It was not new, but it was new to being a radio station. Before the truck had been pressed into its current role, it had been used by Ana Maria Soria’s brother’s wife’s sister’s family to transport the Alonso brothers from painting jobs to bars. The truck had grown weary of this tedium and had broken down, and since the Alonso brothers preferred painting and drinking to lifting the truck’s spirits, it had been left to grow weeds. In fact, during this time, it had collected enough moisture for a crop of swamp timothy a
Beatriz had been tasked with driving the animals away. That was when she had discovered the truck beneath it all. Her slow restoration of the truck had evicted the animals so gradually that the new marsh hardly noticed it was being asked to leave, and soon most of the Soria family did not remember that it had even been there. Even the truck seemed to have been mostly forgotten. Though the wooden planks of the floor were still stained with rust-red circles from paint cans, the only reminder of its time as an ecosystem was an egg Beatriz had found under the gas pedal. It was enormous, hand-sized, mottled like the moon and light as air. She’d made a gauzy hairnet hammock for it and hung it in the back of the truck for luck. Now it swung to and fro over Korean War transmitters, third-hand tape decks, broken turntables and scavenged tubes, resistors and capacitors.
Diablo Diablo (Diablo!) crooned, “Next we’re gonna spin a pretty little number by the Drifters. This is ‘Save the Last Dance for Me’ … but we’re not done dancing, so stay tuned.”
Joaquin did not, in fact, spin a pretty little number by the Drifters, though it did begin to play from one of the tape decks. The entire broadcast had been pretaped in case the station had to take off in a hurry. The Federal Communications Commission took a dim view of America’s youth establishing unlicensed radio stations in their free time, particularly as America’s youth seemed to have terrible taste in music and a hankering for revolution. Fines and jail time waited for offenders.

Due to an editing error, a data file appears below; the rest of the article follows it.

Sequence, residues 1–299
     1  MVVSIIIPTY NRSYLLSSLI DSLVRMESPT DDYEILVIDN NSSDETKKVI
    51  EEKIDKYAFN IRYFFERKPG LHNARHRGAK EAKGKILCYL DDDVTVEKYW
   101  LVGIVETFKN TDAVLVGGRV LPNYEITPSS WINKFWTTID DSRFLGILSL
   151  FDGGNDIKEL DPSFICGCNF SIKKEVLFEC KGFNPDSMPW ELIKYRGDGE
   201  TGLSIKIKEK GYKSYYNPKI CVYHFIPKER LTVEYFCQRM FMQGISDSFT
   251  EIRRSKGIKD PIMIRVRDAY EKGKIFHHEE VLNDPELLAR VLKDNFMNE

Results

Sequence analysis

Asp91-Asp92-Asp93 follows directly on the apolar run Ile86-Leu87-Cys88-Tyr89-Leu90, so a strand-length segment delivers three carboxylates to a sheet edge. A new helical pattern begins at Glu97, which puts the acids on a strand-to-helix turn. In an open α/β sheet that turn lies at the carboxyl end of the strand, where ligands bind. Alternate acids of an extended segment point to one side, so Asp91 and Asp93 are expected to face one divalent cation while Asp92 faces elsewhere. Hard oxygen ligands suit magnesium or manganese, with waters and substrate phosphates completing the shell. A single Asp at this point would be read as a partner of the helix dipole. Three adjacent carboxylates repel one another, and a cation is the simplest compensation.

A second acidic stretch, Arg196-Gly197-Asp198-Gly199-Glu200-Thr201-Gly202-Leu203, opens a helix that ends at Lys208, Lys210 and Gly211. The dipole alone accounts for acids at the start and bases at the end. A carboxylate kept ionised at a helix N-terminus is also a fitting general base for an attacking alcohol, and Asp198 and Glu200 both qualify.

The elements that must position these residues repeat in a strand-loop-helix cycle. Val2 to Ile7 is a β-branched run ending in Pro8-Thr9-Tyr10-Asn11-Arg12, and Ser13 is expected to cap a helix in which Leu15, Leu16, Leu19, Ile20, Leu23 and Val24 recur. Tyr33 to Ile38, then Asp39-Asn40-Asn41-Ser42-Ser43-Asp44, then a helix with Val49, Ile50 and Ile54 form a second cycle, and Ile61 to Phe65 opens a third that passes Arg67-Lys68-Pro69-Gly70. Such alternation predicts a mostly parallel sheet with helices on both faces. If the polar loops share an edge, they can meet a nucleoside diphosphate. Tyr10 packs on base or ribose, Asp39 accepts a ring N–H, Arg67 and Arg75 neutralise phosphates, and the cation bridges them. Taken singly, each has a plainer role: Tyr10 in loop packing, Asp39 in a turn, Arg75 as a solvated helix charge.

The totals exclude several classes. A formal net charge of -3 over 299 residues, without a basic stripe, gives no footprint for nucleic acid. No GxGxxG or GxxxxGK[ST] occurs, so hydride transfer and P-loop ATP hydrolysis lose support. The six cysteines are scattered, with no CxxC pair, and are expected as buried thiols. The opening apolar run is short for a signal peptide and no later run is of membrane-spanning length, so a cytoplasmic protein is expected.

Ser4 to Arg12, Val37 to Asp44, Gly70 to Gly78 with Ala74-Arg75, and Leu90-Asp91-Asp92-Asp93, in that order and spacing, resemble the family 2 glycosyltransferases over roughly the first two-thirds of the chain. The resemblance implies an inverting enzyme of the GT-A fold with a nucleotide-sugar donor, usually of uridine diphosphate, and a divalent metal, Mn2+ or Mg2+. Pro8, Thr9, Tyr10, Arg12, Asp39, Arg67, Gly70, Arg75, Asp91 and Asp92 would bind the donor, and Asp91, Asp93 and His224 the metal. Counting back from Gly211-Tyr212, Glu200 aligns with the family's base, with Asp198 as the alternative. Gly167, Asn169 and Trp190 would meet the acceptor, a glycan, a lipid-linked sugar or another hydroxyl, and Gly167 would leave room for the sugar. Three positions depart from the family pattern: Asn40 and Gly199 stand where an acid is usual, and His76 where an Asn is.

“Do you think they might be tracking us?” Joaquin asked hopefully. He did not want to be pursued by the government, but he wanted to be heard, and he longed so badly for the second that he felt it was his duty to assume the first was inevitable.
Beatriz had been sitting by the transmitter, fingers hovered vaguely over it, rapt in her own imagination. When she realized that both Joaquin and Daniel were waiting for her to answer, she said, “Not if the range hasn’t improved.”
Beatriz was the second-oldest cousin. Where Joaquin was noisy and colorful, Beatriz was serene and eerie. She was eighteen years old, a hippie Madonna with dark hair parted evenly on either side of her face, a nose shaped like a J, and a small, enigmatic mouth that men would probably describe as a rosebud but Beatriz would describe as “my mouth.” She had nine fingers, as she had cut one of them off by accident when she was twelve, but she didn’t much mind—it was only a pinkie, and on her right hand (she was left-handed). At the very least, it had been an interesting experience, and anyway, it wasn’t as if she could take it back now.